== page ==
Manufacturer's Suggested Retail Price (MSRP), also known as "sticker" price, is a recommended selling price that automakers give a new car that is above the invoice price paid by the dealer. It is a price that does not include any options that can be added to a particular car style. When shown as a range, the prices are starting MSRPs, without options, for multiple styles for that model.
This price range reflects the Kelley Blue Book Suggested Retail value for all trim levels, but not necessarily all available options.
The Kelley Blue Book Suggested Retail value represents the amount an auto dealer might ask for a specific vehicle; the actual sale price will vary. A vehicle's popularity, condition, warranty, color and local market conditions are factors involved in determining a final price. The retail value is not a trade-in or private party value.
The Suggested Retail value assumes that the vehicle has been fully reconditioned and has a clean title history. The Suggested Retail value also allows for advertising, sales commissions, insurance and other costs of doing business as a dealer. Most vehicles offered at this price have passed an inspection, and some may carry a warranty. Vehicle mileage is assumed to be normal or below normal.
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Expert Reviews 1 of 4
By Jim Flammang
May 14, 2002
Vehicle Overview Introduced for the 1999 model year, Volvos front-drive flagship sedan carries on with little change for 2002. The S80 was the first model to mix traditional Volvo styling cues with rounded corners and sharp creases, in an attempt to create a more modern image for the Swedish automaker. The S80 2.9 model comes with a 2.9-liter inline-six-cylinder engine, while the T-6 has a 2.8-liter inline-six with twin turbochargers. Volvo uses the same basic platform for its smaller midsize S60 sedan.
A satellite-based communication service that uses an integrated cellular phone to summon emergency services after an accident is optional.
Exterior Partly because it was designed specifically as a four-door sedan, the S80 looks dramatically different than its squared-off predecessors. In the past, Volvo designed its boxlike wagons first and then changed the rear sheet metal to create a sedan.
The S80s compact grille reaches forward and is accented by a prominent V shape molded into the hood; this is a Volvo styling signature. A sharply raked back window has nearly the same steep angle as the windshield. Large taillights and crisp creases give the rear end a sharp contrast to the trimly rounded front of the car. Riding a 109.9-inch wheelbase, the S80 measures 189.8 inches long overall and stands 57.2 inches tall. In contrast, Volvos S60 sedans length is 9.6 inches shorter and has a wheelbase that is 3 inches shorter than the S80.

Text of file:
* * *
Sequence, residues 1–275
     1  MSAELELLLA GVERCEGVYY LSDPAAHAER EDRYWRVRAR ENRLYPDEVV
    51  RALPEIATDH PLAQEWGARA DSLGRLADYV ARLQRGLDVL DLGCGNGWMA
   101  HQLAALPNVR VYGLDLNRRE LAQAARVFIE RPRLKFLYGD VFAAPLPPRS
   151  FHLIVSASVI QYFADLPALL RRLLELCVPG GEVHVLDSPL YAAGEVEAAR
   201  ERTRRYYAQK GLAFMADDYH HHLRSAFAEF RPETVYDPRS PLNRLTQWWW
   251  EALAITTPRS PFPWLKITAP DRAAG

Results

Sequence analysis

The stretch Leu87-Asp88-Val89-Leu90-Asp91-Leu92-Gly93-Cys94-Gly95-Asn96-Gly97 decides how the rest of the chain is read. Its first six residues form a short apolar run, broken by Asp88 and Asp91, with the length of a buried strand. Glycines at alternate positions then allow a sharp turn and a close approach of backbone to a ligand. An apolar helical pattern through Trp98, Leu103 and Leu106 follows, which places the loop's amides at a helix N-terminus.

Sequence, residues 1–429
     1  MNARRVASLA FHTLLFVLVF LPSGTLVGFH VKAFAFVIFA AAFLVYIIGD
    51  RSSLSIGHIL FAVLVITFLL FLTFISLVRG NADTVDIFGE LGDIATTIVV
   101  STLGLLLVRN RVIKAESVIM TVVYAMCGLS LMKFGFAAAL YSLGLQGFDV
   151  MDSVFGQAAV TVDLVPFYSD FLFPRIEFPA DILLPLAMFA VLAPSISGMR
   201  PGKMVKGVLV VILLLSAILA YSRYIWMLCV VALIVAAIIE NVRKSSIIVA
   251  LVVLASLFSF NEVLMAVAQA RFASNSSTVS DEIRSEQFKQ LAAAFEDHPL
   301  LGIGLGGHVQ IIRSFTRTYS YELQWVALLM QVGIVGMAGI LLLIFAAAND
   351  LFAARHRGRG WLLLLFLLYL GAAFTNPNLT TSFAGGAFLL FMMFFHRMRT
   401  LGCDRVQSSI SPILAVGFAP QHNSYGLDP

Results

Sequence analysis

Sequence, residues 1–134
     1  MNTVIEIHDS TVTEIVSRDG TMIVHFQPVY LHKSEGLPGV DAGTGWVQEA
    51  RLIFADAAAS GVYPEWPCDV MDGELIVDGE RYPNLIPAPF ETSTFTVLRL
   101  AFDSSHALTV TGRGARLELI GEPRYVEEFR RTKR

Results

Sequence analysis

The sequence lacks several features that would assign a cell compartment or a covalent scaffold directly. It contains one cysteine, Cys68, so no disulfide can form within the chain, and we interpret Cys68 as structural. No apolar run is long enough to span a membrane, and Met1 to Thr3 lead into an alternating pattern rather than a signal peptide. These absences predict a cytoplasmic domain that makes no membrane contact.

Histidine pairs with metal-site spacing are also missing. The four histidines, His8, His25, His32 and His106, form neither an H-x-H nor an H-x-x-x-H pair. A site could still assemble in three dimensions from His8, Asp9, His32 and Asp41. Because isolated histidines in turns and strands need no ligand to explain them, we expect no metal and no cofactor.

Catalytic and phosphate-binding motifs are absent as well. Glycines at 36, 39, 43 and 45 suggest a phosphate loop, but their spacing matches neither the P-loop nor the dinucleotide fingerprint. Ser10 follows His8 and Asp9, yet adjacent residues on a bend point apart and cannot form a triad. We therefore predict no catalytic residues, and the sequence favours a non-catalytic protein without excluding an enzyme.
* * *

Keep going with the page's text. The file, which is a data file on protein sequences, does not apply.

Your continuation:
Interior Though the S80 is midsize in exterior dimensions, it features a spacious interior that makes some other luxury sedans look small inside. Even with an optional sunroof, the S80s headroom is ample for tall passengers. Rear-seat occupants enjoy generous legroom, with useful space for their feet under the front seats. Large side windows provide an excellent view to the front and sides.
Although the trunk lid opens more than 90 degrees, the opening is not particularly large; however, the cargo floor is long, wide and flat. Split, rear seatbacks release from inside the trunk and fold flat without removing the headrests. The rear headrests fold down with the push of a dashboard button so the driver has a clear view directly rearward, which is a handy feature.
Under the Hood Volvos S80 2.9 holds a 197-horsepower, 2.9-liter inline-six-cylinder engine. The high-performance T-6 model gets a 268-hp, 2.8-liter inline-six with twin turbochargers. Both engines are mounted transversely, and they team with a four-speed-automatic transmission only. The Geartronic transmission on the T-6 permits manual gear changes by pushing the shift lever fore and aft.
Safety Safety has been a byword at Volvo for decades. For starters, antilock brakes, traction control and side-impact airbags for the front seats are standard. All five seating positions have three-point shoulder belts with pretensioners. Curtain-type airbags extend from the front roof pillar to the rear pillar, and they drop down from above the side windows in a collision. A standard Whiplash Protection System (WHIPS) moves the front seatbacks and headrests rearward in a rear-end collision to help minimize whiplash.